Plans to Open School: SouthLake Christian Academy, Fall 2020

Below is an outline of our plans to start school in the fall. I am keenly aware that no matter what we decide, some will be pleased and others will not. That said, I believe the plan detailed below gives us the best chance of balancing the educational needs of our students with the safety of our employees and families. Our Executive Administrative Team has spent many hours looking at CDC and North Carolina recommendations for starting school, and while we know there is no risk-free scenario, we have identified protocols that will help us minimize risk. While we still have some details to iron out, here is a brief overview of our plans for the fall semester.

  • Our intent is to open school on August 12, live and in person, 5 days per week for all students.
  • We will observe Fall Break (October 5-9) and Thanksgiving Break (November 23-27) as normal.
  • We will limit the number of enrolled students in each grade and class as necessary to facilitate appropriate physical distancing in classrooms. With slightly smaller capacity limits, several grades are nearly full.
  • Bus routes will run as normal with staggered seating, one student per seat.
  • Our After School program will operate with students appropriately spaced, utilizing outdoor spaces to the greatest extent possible, as usual.
  • Students will be required to undergo health screening upon arrival, including temperature and symptom checks.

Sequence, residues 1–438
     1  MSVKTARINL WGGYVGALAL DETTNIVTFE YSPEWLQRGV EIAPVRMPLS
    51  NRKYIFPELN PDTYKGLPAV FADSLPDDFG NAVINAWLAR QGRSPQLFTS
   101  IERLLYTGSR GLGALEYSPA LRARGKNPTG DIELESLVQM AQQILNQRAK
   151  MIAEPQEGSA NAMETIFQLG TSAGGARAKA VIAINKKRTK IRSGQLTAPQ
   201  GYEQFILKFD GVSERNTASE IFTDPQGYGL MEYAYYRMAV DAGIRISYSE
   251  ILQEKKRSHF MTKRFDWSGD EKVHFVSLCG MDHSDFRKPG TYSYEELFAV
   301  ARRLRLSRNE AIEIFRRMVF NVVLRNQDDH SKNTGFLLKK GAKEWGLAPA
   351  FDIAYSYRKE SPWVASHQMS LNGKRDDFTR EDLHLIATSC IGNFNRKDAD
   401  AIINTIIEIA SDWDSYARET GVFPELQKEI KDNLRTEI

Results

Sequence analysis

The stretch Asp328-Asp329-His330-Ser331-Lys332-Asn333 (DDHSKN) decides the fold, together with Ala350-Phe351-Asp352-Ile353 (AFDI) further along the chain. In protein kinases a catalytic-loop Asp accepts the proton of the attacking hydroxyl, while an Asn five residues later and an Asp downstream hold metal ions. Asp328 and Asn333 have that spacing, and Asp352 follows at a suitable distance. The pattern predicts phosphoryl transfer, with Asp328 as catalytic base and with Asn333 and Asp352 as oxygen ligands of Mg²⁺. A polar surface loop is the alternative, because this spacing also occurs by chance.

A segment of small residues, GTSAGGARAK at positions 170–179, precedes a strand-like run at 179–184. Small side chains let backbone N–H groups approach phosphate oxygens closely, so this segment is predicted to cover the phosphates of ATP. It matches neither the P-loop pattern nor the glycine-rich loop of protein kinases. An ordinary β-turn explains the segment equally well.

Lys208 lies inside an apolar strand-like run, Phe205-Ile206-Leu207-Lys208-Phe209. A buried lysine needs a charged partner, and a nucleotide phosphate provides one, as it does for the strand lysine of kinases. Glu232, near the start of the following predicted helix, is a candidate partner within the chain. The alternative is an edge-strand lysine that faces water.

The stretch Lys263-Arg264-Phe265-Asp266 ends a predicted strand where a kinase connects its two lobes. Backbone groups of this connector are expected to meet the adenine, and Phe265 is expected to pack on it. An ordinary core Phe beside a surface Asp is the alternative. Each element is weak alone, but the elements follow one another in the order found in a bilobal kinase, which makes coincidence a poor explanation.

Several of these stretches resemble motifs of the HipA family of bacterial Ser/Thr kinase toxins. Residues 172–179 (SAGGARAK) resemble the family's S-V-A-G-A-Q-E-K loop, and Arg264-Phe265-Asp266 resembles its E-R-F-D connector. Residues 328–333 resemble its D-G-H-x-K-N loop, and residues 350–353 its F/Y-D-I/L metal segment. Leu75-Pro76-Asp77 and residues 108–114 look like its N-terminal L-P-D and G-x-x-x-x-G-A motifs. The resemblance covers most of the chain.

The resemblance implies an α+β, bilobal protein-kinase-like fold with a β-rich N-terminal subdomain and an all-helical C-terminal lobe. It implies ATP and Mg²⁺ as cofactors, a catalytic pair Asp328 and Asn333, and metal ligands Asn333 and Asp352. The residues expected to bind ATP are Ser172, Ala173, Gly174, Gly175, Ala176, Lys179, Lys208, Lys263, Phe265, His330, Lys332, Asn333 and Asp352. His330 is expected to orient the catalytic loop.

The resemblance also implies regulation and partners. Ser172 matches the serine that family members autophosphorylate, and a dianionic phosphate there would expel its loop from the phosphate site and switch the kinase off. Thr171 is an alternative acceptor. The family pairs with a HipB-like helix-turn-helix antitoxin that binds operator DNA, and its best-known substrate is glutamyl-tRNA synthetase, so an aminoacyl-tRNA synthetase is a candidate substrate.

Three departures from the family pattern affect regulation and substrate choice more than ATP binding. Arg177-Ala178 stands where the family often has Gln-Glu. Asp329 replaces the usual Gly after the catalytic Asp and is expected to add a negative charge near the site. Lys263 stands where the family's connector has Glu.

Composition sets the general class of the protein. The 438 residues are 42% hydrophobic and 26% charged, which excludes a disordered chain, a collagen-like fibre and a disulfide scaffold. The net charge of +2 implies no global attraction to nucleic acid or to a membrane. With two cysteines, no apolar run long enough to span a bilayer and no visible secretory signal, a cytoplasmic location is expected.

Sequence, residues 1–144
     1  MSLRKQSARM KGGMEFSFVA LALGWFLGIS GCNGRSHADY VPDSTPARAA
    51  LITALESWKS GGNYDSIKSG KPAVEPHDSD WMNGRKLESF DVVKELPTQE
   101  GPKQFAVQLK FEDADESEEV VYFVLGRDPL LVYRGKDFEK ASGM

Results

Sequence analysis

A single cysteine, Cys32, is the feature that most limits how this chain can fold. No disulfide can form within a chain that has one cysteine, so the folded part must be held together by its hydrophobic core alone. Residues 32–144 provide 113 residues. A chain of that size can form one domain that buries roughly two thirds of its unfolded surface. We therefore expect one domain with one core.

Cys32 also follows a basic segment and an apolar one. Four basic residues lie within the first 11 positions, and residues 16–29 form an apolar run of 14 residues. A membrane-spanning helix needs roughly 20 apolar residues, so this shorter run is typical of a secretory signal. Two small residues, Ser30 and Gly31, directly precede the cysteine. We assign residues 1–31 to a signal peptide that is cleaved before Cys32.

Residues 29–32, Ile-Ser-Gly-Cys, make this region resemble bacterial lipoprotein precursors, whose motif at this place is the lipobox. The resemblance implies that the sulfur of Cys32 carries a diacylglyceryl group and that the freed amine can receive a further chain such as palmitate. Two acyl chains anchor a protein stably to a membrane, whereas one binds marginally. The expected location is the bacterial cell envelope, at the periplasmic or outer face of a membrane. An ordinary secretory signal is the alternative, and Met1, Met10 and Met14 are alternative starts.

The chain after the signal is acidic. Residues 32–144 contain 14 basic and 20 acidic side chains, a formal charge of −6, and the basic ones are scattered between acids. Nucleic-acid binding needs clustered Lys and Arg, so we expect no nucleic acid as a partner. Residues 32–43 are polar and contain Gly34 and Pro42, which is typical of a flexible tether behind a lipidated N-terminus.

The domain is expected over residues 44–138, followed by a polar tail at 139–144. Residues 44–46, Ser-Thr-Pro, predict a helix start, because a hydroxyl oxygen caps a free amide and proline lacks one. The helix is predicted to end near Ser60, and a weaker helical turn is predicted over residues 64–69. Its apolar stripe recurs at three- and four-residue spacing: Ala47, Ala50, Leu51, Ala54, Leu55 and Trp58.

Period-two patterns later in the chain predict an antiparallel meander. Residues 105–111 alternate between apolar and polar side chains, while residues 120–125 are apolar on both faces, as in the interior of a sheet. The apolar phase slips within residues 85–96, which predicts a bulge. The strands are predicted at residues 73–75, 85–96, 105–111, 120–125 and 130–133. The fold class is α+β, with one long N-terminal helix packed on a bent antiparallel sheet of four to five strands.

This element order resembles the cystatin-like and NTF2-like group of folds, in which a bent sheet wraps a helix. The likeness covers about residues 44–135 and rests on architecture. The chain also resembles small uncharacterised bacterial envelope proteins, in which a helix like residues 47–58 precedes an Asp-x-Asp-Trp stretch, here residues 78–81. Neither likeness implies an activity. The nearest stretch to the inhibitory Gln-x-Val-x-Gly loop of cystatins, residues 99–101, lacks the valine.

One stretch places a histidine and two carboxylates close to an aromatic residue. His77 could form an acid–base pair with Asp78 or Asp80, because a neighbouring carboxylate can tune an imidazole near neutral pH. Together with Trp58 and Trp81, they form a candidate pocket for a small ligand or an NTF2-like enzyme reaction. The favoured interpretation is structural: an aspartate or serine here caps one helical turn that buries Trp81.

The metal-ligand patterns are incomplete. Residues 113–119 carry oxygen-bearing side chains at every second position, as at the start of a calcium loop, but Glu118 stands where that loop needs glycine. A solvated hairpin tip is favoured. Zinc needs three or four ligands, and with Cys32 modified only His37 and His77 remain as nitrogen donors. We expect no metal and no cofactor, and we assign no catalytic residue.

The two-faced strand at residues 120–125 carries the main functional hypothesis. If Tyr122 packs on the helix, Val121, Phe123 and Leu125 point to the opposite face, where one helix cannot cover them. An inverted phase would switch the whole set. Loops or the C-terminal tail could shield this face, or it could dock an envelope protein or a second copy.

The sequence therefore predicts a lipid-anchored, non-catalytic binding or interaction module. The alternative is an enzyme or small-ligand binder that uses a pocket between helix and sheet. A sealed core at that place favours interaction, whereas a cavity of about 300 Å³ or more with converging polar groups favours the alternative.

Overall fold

• Morning drop off locations will be added to eliminate large assemblies of students in a single room.
  • Sinks are being added on the first floor of Hampton Hall (JK-2nd grade), hot water circulation has been improved, no-touch paper towel and soap dispensers will be added across campus, and all students will have designated places to wash their hands on a regular basis.
  • We will purchase additional school resources, art supplies, and curriculum to minimize the need for students to share materials.
  • We will stagger arrival and dismissal from classes and create one-way stairwells to minimize traffic congestion in our hallways.
  • Students will be divided into smaller groups for chapel and will alternate between attending live and watching a livestream from classrooms.
  • Students will be divided into smaller groups for lunches and breaks with some eating in classrooms or outdoor spaces as weather allows.
  • We plan to expand our use of outdoor spaces for PE, recess, lunch, breaks, and some classes as the weather allows.
  • We are increasing our internet bandwidth to improve our ability to livestream classes to the greatest extent possible for those who may need to quarantine.
  • We will adjust attendance policies for students and faculty who document a positive Covid test.
  • Classrooms will be reconfigured to allow students to spread out appropriately.
  • We will adjust our HVAC systems to maximize ventilation and teachers will be permitted to leave classroom doors and windows open where it is safe to do so.
  • Large spaces such as the library, the lower level of Hampton Hall, and the First Building commons will be used as teaching spaces for larger classes.
  • Cleaning protocols will be enhanced in cooperation with our new custodial provider.